FASHFEST 2017 Masthead
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Kokomo’s serving up tropical treats

Emma Macdonald

Kokomo’s is ambitious.

From its size (it can hold up to 450) to its theme of bringing the tropics to Canberra – this place can’t be categorised as a restaurant, bar or club. It’s a mix of all three. And the recent announcement that the Harrington brothers have managed to secure eighties icon and The Voice Judge Boy George to DJ there on their opening night of 2 June, shows the scope of their ambition.

Since setting up Sage Dining Rooms seven years ago, and Akiba in 2014, Peter and Michael Harrington have been trying to forge new frontiers in Canberra’s dining scene. They want to attract Canberra patrons to their ventures, sure, but they also want something that will stand up against national competition.

And this Pacific-inspired, palm-tree-laden, tropical-print-themed venture in the former Tongue and Groove space is going where nowhere else has dared to go before.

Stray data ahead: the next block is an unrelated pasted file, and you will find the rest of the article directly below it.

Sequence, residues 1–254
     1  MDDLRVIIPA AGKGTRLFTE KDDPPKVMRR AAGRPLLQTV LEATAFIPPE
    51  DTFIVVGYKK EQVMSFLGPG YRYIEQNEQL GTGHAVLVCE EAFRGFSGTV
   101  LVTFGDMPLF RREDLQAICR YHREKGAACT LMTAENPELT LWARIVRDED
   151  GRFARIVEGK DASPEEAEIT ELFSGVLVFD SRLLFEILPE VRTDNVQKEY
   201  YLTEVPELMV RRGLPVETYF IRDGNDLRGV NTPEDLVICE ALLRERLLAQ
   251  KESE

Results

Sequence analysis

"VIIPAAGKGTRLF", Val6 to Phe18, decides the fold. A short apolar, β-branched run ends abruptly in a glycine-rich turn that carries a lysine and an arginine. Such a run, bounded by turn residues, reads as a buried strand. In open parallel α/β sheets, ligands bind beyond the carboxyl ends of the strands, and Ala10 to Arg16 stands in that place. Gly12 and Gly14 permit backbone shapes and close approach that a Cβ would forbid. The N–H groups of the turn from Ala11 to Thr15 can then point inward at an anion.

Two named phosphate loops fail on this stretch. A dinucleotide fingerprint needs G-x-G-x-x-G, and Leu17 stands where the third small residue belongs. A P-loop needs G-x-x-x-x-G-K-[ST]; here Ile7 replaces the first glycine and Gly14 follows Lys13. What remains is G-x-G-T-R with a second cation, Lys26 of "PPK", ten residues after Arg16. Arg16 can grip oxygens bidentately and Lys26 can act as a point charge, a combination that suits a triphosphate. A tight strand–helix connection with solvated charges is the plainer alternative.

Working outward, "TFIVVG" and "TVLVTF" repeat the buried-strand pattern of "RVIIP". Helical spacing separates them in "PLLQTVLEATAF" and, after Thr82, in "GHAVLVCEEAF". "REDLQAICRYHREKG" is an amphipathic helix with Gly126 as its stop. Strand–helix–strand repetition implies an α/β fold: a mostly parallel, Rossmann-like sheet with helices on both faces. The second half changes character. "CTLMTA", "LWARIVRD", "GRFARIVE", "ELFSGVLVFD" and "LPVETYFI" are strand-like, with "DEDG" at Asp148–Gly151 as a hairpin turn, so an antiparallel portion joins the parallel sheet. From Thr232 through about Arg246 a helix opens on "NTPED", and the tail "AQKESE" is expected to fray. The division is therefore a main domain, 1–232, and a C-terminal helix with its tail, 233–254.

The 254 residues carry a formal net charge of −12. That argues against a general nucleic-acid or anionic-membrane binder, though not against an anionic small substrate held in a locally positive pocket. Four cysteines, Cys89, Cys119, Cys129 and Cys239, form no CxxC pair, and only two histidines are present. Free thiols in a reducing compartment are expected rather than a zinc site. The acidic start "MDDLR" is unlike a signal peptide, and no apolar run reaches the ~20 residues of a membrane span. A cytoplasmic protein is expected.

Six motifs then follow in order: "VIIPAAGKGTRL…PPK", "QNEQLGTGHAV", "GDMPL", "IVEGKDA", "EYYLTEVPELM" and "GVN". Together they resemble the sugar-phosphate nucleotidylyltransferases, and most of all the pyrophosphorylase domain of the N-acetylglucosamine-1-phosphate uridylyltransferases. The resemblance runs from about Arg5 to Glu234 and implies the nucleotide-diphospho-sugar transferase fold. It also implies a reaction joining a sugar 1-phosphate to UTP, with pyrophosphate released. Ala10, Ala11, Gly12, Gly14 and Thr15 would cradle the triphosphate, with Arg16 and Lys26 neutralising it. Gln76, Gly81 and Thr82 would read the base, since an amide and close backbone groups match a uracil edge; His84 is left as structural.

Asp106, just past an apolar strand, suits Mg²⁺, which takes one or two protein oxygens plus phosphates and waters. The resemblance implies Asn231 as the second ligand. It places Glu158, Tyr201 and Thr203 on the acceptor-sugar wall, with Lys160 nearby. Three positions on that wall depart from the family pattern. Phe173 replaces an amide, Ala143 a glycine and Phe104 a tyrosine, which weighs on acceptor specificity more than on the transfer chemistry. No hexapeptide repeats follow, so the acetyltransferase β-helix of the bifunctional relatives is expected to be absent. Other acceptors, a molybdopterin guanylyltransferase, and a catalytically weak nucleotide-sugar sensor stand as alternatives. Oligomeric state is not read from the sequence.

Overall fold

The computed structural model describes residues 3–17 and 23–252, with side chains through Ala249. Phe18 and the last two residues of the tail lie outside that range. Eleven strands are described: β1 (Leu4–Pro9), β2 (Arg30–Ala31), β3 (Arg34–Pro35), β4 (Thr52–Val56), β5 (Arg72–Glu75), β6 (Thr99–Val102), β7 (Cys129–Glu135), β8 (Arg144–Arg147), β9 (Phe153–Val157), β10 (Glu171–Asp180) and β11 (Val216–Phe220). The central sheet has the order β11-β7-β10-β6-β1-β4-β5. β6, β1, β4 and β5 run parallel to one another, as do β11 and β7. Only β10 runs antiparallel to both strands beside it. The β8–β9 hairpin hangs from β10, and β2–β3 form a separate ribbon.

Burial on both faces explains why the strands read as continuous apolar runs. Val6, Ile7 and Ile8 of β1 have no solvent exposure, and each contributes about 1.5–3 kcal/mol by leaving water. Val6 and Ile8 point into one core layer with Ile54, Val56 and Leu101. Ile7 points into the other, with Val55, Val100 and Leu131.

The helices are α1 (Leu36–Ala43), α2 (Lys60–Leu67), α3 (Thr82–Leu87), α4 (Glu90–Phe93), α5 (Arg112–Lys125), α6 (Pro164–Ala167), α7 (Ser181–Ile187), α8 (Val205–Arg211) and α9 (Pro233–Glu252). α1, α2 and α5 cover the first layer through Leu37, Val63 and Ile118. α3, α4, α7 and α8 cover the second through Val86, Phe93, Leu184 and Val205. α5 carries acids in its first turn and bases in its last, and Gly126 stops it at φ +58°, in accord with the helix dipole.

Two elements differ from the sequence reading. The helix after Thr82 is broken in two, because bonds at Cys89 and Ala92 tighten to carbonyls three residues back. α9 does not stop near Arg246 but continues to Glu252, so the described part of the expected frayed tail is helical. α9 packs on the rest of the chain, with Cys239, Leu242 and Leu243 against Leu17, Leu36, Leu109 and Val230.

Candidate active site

Costing upwards of $4.5 million on fit-out alone, it’s a risk.

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But given the public interest in the place, not to mention the fact it has been doing hundreds of covers a night since its soft launch, bodes well.

We have snuck in twice for two taste tests prior to official launch date, and snared a palm-covered banquet on a Thursday night.

David Bowie and music of his era echoes through the staircases and a flurry of staff man the long, curved bar and downstairs floor. Upstairs has its own kitchen and another bar and appears to be a more intimate space with green velvet curved banquets, and seating divided into smaller nooks.

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The décor is overwhelmingly…green. Plants and palms are everywhere, including out on two spacious upstairs balconies which provide sweeping views of life on Bunda Street. There are beautiful scallop shell feature tiles, leafy wallpaper, and a tiled downstairs bar that depicts a jungle scene complete with fauna. I reckon when the frost really settles on the city in July, Kokomo’s may well be the next best thing to direct flights to Bali.